Breaking Down Your Buddy Checks
By: Mark Powell
There is a well-known quote in aviation: “A superior pilot uses his superior judgment to avoid situations which require the use of his superior skill.”
We can say something very similar for rescue divers.
“A superior rescue diver uses his superior judgment to avoid situations which require the use of his superior skill.” Another way to express this is “The best rescue is the one you don’t need to do”.
A rescue course should cover how to deal with equipment problems, but more importantly, it should cover how to avoid equipment problems.
In reality, equipment problems rarely occur without any build up or warning. Most equipment problems begin on the surface, sometimes well before the dive, and we then take that developing problem into the water with us. Eventually the problem comes to the fore and we act as if it was an unexpected emergency when in reality it was an avoidable problem.
Equipment preparation and our buddy checks are the key steps in avoiding these types of problems. Ensuring equipment is maintained, serviced, and assembled correctly is the foundation of avoiding equipment problems. The goal of a buddy check is to ensure your equipment and your buddy’s equipment is working and each of you know how to use each other’s emergency equipment if needed.
Buddy checks can prevent many of the common problems that cause accidents. Reviewing accident reports is a great way to see the types of issues that cause accidents. Many of these could have been caught by an effective buddy check and so by reviewing the mistakes of others you can become more effective at spotting problems such as:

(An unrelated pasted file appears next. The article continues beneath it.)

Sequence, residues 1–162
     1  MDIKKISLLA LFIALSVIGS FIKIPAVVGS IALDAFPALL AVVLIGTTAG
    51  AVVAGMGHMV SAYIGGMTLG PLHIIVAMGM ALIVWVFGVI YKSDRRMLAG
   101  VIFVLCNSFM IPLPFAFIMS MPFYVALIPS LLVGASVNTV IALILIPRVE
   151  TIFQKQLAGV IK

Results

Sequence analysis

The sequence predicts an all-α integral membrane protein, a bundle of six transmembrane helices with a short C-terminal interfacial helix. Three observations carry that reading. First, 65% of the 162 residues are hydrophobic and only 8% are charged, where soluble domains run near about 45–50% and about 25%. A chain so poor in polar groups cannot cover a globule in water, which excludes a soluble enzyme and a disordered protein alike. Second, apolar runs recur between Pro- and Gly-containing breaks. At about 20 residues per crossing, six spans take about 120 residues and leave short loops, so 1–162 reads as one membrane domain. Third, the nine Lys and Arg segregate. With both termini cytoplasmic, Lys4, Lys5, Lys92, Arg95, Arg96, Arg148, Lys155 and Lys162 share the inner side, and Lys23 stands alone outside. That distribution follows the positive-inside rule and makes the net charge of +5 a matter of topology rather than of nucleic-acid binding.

– Air not turned on or not turned on fully
– Dry suit unzipped
– Wrong settings on dive computer
– Forgot to put on dive computer
– BCD or dry suit inflator not connected
– Backup or spare regulator tangled or not accessible
– BCD pull dump snagged
– BCD not holding gas
– Cylinder not fixed in BCD firmly enough.
– Dangling SPG, dsmb, or other equipment
One key mistake divers make is in thinking their role in the buddy check is to check their buddy’s equipment is OK. In fact, your job is to spot any mistakes they have made in assembling or putting on their equipment. This means that you should approach a buddy check by assuming there is a problem rather than assuming everything is ok. It might seem like a minor change in the wording but in reality, it’s a very powerful technique as we tend to see what we are looking for. If you assume there is a problem, you are more likely to spot that problem on the rare occasion when a problem does occur. On the other hand, if you assume there is no problem, you are less likely to spot a problem even if there is an issue.